by Meridian Hinton-Cooley
David Berner still has one of his first literary creations: a paper mache book he crafted for a project in grade school. “My book was called The Cyclops,” David says. “Some deep-sea adventure, you know? Third grade kind of stuff. I can imagine there was some sort of seed planted back then.”
The seed grew, eventually.
Though he has been writing all his life, with an extensive career in journalism to boot, David did not really view himself as a writer until his mid-forties, when he began to delve into forms of creative writing such as memoir, essay, and fiction. David says, “I really just think of myself as a storyteller.”
And he’s done plenty of storytelling. Three book-length memoirs (walks with his dog, his amateur singing career, healing after the death of a family member), three novels (father trying to connect with a son, a professor who goes off the rails, a young boy enamored with golf), along with many essays and short stories.
David has found that his various genres of interest influence one another. While writing memoir, he uses the craft of fiction in areas like scene, dialogue, and character development, and many of his fictional characters take inspiration from real people. His writing has been described as quiet, more poetic, less straightforward. David says, “ I think that’s sort of intertwined in everything I’ve done.”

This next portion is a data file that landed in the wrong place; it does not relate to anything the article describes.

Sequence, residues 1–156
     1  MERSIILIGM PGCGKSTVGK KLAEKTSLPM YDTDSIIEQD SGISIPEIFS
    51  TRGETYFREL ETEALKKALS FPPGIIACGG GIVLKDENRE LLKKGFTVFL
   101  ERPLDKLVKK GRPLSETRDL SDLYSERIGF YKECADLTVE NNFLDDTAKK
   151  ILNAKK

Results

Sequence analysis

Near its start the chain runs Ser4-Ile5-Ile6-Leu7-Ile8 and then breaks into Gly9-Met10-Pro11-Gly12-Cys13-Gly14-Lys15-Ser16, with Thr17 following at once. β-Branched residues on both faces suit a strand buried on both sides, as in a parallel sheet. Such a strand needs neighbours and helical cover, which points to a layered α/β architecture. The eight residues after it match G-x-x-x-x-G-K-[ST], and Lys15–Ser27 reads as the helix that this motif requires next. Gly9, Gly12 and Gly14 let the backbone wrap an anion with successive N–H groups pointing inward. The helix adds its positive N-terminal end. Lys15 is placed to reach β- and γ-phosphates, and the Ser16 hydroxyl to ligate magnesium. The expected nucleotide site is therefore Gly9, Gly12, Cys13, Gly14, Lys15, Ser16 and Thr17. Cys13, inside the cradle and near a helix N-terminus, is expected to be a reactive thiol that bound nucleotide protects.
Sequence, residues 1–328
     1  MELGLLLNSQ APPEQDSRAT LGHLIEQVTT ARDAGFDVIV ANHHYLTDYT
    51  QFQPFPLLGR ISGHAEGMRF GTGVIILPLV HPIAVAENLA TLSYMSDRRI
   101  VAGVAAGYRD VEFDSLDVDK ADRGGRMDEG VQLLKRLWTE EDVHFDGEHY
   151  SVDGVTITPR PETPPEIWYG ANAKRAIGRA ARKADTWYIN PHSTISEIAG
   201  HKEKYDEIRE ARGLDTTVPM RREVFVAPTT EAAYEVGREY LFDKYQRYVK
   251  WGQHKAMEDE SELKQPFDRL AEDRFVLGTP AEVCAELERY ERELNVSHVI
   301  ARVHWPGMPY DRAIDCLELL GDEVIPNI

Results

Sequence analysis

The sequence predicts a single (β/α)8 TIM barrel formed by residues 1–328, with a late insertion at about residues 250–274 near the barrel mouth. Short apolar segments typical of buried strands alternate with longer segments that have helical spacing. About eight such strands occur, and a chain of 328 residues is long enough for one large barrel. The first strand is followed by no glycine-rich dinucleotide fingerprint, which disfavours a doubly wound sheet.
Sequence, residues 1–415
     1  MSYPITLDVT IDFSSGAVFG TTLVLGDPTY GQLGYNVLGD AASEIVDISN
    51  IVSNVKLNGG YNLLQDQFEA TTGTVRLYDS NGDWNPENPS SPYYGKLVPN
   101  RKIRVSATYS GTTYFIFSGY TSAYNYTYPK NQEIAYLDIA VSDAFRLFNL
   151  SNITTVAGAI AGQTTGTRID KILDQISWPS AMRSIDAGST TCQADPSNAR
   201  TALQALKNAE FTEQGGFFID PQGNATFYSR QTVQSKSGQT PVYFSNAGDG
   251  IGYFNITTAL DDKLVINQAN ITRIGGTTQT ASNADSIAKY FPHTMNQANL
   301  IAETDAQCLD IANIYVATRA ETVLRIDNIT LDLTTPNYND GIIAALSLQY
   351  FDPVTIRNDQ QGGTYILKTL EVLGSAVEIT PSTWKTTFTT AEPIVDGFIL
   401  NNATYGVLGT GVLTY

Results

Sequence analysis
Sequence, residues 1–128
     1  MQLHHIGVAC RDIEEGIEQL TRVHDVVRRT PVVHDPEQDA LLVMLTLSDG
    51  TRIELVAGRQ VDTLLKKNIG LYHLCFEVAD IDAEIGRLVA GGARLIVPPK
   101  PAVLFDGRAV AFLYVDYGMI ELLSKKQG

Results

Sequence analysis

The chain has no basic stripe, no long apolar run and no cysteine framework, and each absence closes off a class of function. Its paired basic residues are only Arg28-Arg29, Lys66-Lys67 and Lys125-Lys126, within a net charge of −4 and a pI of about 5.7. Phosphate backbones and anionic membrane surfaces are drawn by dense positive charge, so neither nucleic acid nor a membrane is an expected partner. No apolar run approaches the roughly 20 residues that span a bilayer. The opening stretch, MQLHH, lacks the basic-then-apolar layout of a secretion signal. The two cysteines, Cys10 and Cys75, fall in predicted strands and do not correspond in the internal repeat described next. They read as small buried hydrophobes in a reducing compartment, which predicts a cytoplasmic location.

David’s writing process isn’t very strict. “I don’t work from an outline, I never have. I don’t know why that is, but I feel freer when I’m writing without one.” He tends to write in the morning, one of his favorite spots to work being a small shed on his property just outside of Chicago. “It’s kind of like my office, and it’s kind of my sanctuary. I don’t want to say that I’m writing in there all the time, but when I’m working on a particular project, that’s my place to go.”
One of David’s current projects is a digital newsletter called The Abundance. Each edition is a personal essay that gets sent out (usually) on a weekly basis. In addition, David has several projects that he says have been, “written and drafted many times over, submitted places and drafted again. When [the projects] are being shopped... I don’t want to say I forget about them, but they’re being released. You know, like sending a kid off to college? I keep a watch on them, but I want the piece to speak for itself.”
David says, “Writers should write the kind of story they want to read instead of writing for the market. Publishing is not the be all/end all. Don’t base everything about your creative life on whether you’re published or not. I don’t think that’s a good way to define a writer. If you’re writing regularly, and you’re writing things that make your heart flutter, then you’re a writer. I want my students to walk away believing that.”